Livestock owners are familiar with black flies, which cluster in the ears, on the chest, at the midline of the underside of the body, and elsewhere livestock. Humans can be plagued by these tiny bloodsucking flies, too. Flies in this family of Simuliidae are called buffalo gnats (due to their humpbacked appearance) or turkey gnats. They are black, grey or yellowish and black and lay their eggs in moving water. Immature forms develop on water plants, so they are most common near moving bodies of water such as streams, rivers, and irrigation canals. After several generations in the summer, black flies overwinter as larvae attached to plants submerged in unfrozen water. They develop slowly over the winter and emerge as adults in the spring as temperatures warm up. Black flies use visual cues, carbon dioxide concentrations and warmth to find hosts. If populations build up and cattle or other livestock are nearby as a convenient source for a blood meal, black flies can become an economically important pest. Cattle infested with many black flies bunch together, do not feed, become anemic, and can die. Black flies are likely vectors for the vesicular stomatitis virus, too, according to Dr. Bob Hillman, former Idaho state veterinarian.

Control or management of black flies is not easy. Some livestock owners may choose to encourage populations of native fish and other aquatic predators. For horses, flysheets and fly masks with ears can help keep the flies off the animals. Petroleum jelly or baby oil smeared in the ears and on other places on the body can serve as a barrier to the bloodsuckers. There are other petroleum oilbased products with insecticide added that will work to keep the flies off your horses. Since black flies are day-fliers, stabling horses during the day and pasturing during the night is a simple change in management to keep the black fly problem at bay. For any livestock, providing run-in sheds for animals during the day can provide a refuge from the flies, which avoid dark, shaded areas. A research study in northern Alberta, Canada demonstrated that providing a simple openfronted shed was sufficient to protect cattle from black flies. Dr. Doug Colwell from the Lethbridge Research Centre in Lethbridge, Alberta noted that black flies visualize a grazing animal as a silhouette, and if the animal is in a shelter against a dark, shady background, it’s more difficult for black flies to locate their host.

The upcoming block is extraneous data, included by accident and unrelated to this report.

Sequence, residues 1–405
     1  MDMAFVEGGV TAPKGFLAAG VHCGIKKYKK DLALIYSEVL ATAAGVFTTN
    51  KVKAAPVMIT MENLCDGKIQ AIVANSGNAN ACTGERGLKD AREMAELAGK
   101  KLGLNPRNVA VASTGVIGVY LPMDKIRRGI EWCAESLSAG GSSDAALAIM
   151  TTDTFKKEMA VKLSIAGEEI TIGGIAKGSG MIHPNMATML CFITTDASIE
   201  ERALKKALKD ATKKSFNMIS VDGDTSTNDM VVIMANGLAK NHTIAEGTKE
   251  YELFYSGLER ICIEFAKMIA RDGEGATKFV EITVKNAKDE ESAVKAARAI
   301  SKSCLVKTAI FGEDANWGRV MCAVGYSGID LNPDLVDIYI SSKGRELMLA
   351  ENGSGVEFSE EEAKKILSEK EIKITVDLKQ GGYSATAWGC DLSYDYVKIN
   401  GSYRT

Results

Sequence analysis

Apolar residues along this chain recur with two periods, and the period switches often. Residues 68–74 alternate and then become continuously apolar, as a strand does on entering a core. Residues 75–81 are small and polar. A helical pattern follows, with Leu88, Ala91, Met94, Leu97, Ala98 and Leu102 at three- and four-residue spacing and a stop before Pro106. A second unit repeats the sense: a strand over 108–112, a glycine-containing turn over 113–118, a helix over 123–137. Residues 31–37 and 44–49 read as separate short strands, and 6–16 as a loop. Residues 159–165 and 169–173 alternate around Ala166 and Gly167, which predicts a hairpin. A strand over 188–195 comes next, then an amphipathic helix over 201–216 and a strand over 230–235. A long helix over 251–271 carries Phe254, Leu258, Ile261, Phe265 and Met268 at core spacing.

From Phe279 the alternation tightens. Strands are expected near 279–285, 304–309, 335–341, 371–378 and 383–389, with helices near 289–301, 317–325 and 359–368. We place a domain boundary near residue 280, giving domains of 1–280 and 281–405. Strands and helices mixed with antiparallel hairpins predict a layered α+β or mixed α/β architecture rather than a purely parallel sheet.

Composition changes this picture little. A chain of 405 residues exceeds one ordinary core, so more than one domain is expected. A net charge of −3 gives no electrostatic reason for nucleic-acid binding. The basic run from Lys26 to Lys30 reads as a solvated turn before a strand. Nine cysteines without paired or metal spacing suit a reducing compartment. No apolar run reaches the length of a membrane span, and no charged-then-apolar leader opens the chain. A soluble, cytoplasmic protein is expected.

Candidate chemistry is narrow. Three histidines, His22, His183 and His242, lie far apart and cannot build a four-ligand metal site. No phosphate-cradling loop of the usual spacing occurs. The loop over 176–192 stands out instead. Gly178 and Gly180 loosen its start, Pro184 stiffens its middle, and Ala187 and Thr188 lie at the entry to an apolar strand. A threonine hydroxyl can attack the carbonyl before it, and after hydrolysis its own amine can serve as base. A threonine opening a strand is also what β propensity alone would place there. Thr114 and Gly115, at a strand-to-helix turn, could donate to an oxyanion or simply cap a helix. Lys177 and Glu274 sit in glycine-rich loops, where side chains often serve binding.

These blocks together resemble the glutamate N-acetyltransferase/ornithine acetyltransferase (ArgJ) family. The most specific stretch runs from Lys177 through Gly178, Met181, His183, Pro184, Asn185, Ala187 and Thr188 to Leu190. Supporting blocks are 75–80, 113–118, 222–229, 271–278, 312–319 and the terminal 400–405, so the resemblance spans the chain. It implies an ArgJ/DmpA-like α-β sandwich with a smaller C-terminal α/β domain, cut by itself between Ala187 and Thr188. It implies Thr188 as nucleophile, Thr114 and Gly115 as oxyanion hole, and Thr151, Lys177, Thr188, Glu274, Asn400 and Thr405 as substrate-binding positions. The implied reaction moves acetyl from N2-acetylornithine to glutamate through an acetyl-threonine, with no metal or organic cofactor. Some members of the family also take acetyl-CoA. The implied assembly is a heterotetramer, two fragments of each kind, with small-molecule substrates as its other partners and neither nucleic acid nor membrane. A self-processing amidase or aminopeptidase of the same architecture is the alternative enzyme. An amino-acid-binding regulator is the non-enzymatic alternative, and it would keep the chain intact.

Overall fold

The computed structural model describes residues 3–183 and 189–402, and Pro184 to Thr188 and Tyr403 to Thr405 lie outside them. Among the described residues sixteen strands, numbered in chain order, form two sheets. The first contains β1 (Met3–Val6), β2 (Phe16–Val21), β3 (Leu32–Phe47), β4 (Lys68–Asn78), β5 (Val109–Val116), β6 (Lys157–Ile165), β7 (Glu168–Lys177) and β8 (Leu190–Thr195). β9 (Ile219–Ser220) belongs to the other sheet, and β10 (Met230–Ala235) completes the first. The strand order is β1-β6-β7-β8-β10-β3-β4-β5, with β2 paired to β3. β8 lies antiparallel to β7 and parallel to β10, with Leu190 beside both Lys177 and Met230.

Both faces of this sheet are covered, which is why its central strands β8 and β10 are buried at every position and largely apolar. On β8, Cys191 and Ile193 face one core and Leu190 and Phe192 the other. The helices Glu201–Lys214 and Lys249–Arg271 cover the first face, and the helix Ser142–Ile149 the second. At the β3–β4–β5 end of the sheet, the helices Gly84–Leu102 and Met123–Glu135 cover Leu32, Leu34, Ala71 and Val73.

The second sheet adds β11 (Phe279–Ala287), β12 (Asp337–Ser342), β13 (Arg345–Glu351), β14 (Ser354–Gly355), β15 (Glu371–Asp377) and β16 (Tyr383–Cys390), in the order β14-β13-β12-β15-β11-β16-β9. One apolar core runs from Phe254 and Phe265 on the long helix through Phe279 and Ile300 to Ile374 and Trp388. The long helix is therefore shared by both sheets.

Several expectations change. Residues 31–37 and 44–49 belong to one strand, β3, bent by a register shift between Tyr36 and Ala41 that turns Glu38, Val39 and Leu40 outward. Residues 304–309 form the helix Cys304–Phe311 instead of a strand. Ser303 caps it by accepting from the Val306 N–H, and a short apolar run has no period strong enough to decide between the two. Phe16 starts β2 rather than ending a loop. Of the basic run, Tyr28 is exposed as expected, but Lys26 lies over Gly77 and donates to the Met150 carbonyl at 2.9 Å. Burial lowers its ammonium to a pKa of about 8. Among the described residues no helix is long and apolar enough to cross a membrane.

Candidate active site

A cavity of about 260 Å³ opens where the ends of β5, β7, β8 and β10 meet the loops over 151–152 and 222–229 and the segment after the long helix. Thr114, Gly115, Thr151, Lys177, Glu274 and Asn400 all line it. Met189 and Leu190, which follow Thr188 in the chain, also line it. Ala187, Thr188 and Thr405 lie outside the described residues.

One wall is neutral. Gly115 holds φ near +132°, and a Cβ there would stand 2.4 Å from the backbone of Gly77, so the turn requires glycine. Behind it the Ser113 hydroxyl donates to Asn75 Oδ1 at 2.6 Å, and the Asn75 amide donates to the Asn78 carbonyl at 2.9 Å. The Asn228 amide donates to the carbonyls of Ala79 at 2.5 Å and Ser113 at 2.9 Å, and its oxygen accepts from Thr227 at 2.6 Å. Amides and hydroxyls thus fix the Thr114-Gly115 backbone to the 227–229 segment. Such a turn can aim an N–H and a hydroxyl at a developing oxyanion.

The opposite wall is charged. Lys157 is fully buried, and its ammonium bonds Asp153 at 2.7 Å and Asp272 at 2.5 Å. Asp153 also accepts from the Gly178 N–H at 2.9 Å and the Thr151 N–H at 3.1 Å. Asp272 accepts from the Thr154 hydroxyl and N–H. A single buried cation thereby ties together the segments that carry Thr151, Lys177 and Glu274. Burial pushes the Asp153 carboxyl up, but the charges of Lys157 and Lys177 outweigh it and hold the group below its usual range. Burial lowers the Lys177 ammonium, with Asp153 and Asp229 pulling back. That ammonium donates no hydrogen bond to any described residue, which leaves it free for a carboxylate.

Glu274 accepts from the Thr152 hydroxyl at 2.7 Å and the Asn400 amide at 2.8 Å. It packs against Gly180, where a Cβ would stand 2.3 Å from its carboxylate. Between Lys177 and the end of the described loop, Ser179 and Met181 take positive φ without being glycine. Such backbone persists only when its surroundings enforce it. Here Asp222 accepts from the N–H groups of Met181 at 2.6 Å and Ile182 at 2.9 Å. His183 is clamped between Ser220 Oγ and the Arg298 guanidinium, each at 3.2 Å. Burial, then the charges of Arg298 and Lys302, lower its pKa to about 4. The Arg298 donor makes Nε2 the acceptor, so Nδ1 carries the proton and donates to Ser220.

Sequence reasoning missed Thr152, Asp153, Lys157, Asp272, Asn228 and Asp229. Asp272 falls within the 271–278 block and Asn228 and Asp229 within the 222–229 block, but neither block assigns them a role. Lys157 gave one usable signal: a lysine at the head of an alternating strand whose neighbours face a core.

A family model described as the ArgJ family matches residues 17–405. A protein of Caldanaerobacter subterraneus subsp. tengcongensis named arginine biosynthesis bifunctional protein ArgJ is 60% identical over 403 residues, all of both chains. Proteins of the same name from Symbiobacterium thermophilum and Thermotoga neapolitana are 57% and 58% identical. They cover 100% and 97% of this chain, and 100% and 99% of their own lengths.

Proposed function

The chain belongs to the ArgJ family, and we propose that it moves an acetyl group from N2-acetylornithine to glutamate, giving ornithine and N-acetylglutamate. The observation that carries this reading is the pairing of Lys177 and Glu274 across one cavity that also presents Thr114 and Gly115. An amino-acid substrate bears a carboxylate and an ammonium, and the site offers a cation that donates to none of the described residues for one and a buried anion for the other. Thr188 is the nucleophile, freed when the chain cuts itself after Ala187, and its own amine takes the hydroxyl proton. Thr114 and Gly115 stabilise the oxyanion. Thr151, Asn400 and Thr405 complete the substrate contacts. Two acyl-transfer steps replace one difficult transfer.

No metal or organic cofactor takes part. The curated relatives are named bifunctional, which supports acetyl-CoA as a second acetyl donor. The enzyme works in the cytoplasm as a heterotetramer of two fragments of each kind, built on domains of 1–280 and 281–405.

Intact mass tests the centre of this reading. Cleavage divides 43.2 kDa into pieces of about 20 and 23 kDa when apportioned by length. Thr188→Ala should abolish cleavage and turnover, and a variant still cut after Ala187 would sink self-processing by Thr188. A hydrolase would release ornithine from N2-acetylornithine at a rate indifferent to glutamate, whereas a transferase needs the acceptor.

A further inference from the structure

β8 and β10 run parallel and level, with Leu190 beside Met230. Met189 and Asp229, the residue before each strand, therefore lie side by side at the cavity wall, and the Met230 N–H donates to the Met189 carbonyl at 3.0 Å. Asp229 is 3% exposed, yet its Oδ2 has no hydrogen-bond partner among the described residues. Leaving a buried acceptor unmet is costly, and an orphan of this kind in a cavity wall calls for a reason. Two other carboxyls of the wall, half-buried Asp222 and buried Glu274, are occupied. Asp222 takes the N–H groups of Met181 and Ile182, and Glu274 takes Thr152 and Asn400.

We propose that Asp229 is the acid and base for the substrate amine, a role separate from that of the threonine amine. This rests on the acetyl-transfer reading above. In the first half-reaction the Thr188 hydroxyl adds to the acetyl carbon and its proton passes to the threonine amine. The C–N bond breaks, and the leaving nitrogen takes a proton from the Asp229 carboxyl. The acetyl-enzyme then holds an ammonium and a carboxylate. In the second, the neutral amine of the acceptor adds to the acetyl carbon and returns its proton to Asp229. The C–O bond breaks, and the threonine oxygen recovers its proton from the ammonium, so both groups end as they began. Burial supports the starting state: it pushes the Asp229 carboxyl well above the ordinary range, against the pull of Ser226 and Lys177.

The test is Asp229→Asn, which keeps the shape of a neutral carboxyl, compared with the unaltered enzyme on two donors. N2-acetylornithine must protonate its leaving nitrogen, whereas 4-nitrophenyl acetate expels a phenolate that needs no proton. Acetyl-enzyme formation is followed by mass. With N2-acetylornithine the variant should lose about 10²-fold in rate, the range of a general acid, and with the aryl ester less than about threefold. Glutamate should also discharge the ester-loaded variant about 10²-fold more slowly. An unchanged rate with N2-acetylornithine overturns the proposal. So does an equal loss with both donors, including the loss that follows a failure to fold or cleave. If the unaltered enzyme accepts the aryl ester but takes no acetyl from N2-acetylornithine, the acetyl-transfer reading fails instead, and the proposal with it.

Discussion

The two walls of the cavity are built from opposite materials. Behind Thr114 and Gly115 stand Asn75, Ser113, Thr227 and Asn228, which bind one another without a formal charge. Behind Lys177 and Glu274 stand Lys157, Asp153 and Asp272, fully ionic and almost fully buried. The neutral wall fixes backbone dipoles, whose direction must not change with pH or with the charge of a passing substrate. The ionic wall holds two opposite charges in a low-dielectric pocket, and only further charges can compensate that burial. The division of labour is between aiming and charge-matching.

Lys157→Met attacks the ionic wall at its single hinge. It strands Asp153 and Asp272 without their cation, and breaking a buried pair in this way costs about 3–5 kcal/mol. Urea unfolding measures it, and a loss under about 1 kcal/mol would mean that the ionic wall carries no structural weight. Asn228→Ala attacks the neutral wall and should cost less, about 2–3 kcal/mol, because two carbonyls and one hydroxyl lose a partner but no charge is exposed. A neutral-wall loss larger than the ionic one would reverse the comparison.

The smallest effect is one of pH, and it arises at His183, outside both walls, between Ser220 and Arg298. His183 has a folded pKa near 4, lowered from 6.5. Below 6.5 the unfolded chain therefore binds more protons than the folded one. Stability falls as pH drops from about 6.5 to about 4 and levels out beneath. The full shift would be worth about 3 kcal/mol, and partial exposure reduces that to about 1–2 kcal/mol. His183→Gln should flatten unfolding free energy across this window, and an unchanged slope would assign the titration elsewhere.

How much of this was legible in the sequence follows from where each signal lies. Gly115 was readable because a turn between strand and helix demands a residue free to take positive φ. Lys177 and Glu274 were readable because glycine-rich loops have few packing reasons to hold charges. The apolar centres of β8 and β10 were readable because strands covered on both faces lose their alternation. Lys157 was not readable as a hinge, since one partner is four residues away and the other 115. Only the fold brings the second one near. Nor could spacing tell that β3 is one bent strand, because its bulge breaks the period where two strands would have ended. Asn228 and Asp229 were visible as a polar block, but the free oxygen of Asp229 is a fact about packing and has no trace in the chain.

Recently, areas of Idaho have had huge populations of black flies that pestered livestock and people. One report indicated they would get so thick in the sky that aerial applicators could not see to fly. In 2004, economic losses in the beef, sheep, dairy, and horse industries of several southwestern Idaho counties were estimated at well over $1 million (USDA FSA, Idaho). County budgets and private donations provided funds to control black flies using larvicide in irrigation canals and other bodies of water.

The beef cattle pest management team, headed by Holly Ferguson and Doug Walsh and based at the WSU-Prosser station, has conducted statewide surveys of flies and other insects in cattle pastures and rangeland over the past two seasons. Data indicate that black flies start appearing in May and are present throughout the summer. They have only been found at ranch locations with running water such as irrigation canals or streams running through pastures. It has been suggested that an increase in weeds in streams and canals may encourage buildup of black fly populations, because black flies lay eggs on plants in the water.